Managing data

As well as job and desktop management EPIC CLI provides an easy way to get data to and from EPIC.

EPIC Paths

EPIC CLI uses special url paths to identify data stored in EPIC. These use the prefix “epic://” and then the data location. For example if you had a folder in EPIC called “work” that contained a file called “input.file”, then the EPIC path would be “epic://work/input.file”.

You can list all the available data in EPIC using the command:

epic data ls

Uploading single files

To upload a single file to epic you can use the command:

epic data upload

Upload expects the first argument to be the local file and then the second argument to be the destination in EPIC. So for example to upload a local file called ‘’ to a folder called work on EPIC you can do the following:

epic data upload ./ epic://work/

If you supply a file name as the destination then the file will be uploaded with that name. For example to upload ‘’ to ‘work’ as ‘’ you can do:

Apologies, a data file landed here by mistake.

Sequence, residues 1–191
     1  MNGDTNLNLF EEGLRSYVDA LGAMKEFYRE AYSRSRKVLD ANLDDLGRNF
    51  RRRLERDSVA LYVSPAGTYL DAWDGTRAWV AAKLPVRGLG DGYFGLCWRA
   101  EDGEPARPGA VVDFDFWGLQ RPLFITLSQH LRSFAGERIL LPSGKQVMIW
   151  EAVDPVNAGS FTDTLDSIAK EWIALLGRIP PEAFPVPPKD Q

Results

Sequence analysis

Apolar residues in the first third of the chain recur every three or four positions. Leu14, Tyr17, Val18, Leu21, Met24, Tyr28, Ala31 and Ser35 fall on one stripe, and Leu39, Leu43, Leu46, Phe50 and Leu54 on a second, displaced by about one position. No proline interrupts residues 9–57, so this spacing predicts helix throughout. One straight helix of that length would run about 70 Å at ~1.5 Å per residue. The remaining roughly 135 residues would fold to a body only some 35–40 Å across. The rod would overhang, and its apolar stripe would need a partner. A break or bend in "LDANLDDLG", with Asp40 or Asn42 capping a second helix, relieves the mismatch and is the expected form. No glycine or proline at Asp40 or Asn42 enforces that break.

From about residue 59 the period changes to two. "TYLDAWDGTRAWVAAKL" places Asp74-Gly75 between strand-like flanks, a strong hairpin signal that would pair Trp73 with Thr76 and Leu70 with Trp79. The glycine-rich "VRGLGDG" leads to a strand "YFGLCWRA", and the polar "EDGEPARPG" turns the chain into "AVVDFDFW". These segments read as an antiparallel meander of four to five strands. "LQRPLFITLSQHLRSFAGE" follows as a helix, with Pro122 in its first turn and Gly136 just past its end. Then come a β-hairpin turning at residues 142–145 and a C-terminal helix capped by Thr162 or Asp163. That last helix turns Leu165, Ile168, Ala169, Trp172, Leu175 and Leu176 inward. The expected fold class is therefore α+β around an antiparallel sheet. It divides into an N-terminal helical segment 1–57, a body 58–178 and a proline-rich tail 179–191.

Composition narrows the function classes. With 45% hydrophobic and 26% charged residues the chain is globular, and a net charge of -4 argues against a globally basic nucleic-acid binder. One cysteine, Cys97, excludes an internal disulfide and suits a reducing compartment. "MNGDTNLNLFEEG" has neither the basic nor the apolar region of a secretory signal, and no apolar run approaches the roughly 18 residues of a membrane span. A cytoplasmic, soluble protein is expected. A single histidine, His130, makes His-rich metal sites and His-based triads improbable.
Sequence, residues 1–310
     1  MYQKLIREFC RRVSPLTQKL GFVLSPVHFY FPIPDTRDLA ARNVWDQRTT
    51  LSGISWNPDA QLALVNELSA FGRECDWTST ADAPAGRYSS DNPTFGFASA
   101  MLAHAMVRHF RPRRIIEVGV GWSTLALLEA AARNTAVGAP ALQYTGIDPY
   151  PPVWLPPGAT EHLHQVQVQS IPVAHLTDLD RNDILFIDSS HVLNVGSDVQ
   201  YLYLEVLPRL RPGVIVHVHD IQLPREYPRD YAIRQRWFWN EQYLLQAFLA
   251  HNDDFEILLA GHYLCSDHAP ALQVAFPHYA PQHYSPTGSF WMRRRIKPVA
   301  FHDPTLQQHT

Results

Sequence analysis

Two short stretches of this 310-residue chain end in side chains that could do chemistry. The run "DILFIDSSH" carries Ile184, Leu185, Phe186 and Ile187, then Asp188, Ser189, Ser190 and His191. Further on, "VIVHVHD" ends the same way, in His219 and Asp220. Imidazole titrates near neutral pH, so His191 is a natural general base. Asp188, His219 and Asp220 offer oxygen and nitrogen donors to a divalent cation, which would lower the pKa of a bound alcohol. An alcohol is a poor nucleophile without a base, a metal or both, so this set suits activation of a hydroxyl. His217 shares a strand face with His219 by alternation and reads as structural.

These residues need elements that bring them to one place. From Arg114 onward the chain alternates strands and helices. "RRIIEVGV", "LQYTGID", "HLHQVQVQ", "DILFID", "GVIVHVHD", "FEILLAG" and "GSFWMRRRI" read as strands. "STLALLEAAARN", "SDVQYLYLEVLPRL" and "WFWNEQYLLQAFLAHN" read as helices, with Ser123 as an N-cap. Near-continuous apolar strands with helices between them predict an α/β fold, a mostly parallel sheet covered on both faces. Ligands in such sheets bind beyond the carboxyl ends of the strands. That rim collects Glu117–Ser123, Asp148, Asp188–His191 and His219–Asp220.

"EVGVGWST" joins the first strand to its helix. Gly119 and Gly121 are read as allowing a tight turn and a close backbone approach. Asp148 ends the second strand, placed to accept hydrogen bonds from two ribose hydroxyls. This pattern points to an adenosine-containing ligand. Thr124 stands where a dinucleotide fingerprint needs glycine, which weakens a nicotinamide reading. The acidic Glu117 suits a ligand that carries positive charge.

epic data upload ./ epic://work/

Downloading single files

Downloading a file from EPIC works the same way as uploading but the source should be an EPIC path and the destination a local file or folder.

For example, to download to a name file:

epic data download epic://work/ ./

Or, to download the file into a directory:

epic data download epic://work/ ./folder/

Copying whole directories

Upload and download will let you copy single files but often you need to copy whole directories to and from EPIC. To do this you can use the command:

epic data sync

‘sync’ will compare the source and destination folders and upload/download any new files or any files from the source that have newer timestamps than the destination.

For example to copy everything from the remote work folder to a local directory called work you can run:

epic data sync epic://work/ ./work/

Or to copy from the local directory back to EPIC you could run:

epic data sync ./work/ epic://work/

Sync also has the option to add the “–dryrun” switch, this will cause the CLI to output the actions it would take without actually doing them. This is useful when you are copying large amounts of data and want to check the paths are as expected.